(RxWiki News) Streptococcus mutans is a bacterium most often associated with cavities. Now, researchers say that same bacteria can rapidly travel to the heart and create a potentially deadly condition.
Scientists at the University of Rochester Medical Center discovered that when the bacteria enter the bloodstream it can quickly cause inflammation of the heart valves, which can be fatal.
S. mutans resides in dental plaque, where it can thrive in oral cavities. Most often the bacteria remains in the mouth, but sometimes, particularly after a dental procedure or vigorous flossing, it can enter the bloodstream.
"Talk to your dentist about endocarditis."
It is usually destroyed by the immune system, but on occasion that doesn't happen and the bacteria travels to the heart within a matter of seconds and colonizes heart tissue, particularly heart valves. It can cause a deadly condition called endocarditis, or inflammation of the heart valves.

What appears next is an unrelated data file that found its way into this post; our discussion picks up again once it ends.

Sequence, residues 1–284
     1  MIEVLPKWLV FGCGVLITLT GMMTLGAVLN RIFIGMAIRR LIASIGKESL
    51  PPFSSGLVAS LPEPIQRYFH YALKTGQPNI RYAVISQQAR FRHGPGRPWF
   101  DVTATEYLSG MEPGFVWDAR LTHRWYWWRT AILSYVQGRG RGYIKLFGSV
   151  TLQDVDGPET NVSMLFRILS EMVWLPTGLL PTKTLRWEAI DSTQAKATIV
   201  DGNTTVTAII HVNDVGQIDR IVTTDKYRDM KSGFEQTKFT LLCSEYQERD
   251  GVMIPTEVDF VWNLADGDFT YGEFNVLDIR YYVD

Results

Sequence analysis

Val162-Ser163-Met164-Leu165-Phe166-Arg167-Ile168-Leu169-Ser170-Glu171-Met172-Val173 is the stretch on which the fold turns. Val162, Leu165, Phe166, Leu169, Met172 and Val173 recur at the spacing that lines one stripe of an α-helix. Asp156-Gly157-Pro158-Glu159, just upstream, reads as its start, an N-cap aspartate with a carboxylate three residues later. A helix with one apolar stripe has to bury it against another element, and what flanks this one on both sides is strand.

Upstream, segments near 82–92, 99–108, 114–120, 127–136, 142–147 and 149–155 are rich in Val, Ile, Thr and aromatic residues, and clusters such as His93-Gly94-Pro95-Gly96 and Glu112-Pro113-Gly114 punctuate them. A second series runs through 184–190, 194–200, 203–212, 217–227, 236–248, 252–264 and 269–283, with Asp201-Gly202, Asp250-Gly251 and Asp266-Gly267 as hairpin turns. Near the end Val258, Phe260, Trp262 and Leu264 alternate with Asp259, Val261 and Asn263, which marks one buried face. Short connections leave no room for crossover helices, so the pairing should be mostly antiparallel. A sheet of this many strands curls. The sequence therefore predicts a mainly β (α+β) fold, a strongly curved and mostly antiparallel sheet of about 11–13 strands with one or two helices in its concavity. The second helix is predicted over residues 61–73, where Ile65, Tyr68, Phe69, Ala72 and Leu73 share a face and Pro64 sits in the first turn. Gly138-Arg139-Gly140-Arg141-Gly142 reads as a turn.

Scientists said the study raises the possibility of creating a screening tool such as a cheek swab to gauge a dental patient's susceptibility to the condition.
Dr. Jacqueline Abranches, Ph.D., a microbiologist and study author, and a team investigated how the bacteria arrived there and how it could continue to survive. Researchers and a team from the university’s Center for Oral Biology found that a collagen-binding protein known as CNM gives S. mutans its ability to invade heart tissue.
In lab experiments, scientists found that strains with CNM are able to invade heart cells, and strains without CNM are not.
The team also examined the response of wax worms to different strains of S. mutans. Strains without CNM were rarely lethal to the worms, while strains that contained the protein were fatal 90 percent of the time. But when CNM was removed from the strains, the worms thrived.
Abranches identified five specific strains of S. mutans that carry the CNM protein, out of more than three dozen strains examined. CNM is not found in the most common type of S. mutans found in people, type C, but is present in rarer types of S. mutans, including types E and F.
The research, which was published in Infection and Immunity, was funded by the American Heart Association.